Hidden Figures: The American Dream and the Untold Story of the Black Women Mathematicians Who Helped Win the Space Race by Margot Lee Shetterly: I listened to this book (and still haven’t seen the movie, whoops). As a math nerd who likes diversity and history, this book had my attention from the beginning. If you’ve seen the movie, you already know the basic gist of this book, but in case you haven’t, this book tells the story of several black women who worked as mathematicians and computers through World War II and afterward to the space missions. This was a time when black women were considered suitable for this role because it didn’t require as much thought, but these women turned out to be as capable as any of the men, sometimes correcting the errors of the white men. Since much of this book took place in Virginia when segregation was still in place, that topic was also addressed in this book; from guessing a person’s race based on their education to the segregated bathrooms and lunch areas. Whether or not you plan on seeing the film, if you want to learn more about history and space, read this book. (4 out of 5 equations)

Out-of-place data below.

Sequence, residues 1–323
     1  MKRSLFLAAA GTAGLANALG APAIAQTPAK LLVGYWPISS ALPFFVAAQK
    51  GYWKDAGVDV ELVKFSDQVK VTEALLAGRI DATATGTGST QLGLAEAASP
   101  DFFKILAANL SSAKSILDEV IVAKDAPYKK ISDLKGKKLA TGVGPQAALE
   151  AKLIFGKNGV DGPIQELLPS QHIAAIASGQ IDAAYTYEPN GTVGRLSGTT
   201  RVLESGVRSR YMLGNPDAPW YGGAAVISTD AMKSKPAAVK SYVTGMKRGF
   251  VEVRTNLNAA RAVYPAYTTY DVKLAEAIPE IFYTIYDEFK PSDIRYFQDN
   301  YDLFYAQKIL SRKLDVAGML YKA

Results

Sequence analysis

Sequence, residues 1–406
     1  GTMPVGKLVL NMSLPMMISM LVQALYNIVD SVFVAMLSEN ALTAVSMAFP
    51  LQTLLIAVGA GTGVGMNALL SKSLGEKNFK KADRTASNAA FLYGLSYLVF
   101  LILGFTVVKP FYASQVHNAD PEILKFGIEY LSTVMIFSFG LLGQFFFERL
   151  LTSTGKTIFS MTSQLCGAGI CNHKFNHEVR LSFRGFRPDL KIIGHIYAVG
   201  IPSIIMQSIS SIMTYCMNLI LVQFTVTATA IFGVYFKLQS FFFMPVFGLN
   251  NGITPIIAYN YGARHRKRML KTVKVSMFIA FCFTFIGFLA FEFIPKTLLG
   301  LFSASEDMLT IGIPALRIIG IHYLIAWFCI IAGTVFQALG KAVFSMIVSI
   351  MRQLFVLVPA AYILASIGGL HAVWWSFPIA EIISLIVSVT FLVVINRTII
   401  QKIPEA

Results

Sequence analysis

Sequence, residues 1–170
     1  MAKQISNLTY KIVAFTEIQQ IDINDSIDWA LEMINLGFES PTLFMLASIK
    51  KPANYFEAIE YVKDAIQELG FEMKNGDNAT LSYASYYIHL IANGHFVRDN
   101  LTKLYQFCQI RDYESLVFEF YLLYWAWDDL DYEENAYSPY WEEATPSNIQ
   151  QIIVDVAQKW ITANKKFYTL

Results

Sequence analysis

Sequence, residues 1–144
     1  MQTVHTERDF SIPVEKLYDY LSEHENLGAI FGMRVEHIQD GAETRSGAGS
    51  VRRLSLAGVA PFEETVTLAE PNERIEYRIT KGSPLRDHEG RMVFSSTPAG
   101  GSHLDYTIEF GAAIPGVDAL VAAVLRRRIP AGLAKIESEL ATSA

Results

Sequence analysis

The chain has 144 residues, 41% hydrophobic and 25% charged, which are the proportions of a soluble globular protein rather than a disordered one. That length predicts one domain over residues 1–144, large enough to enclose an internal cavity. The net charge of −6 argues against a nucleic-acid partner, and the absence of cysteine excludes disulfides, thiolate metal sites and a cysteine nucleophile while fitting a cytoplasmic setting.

The Radical King by Martin Luther King, Jr. and Cornel West: I read this book for my local library’s book club. This is a curated collection of MLK’s more radical speeches and essays, the ones where he spoke on a much broader range of topics than civil rights for blacks. There are essays about economic injustice and his opposition to the Vietnam War, all connected to the bigger goal of equality for all. Cornel West serves just to provide commentary; the bulk of this book consists of King’s writings. I recommend taking in each essay slowly so you don’t lose track of the big picture presented in King’s message. (5 out of 5 speeches)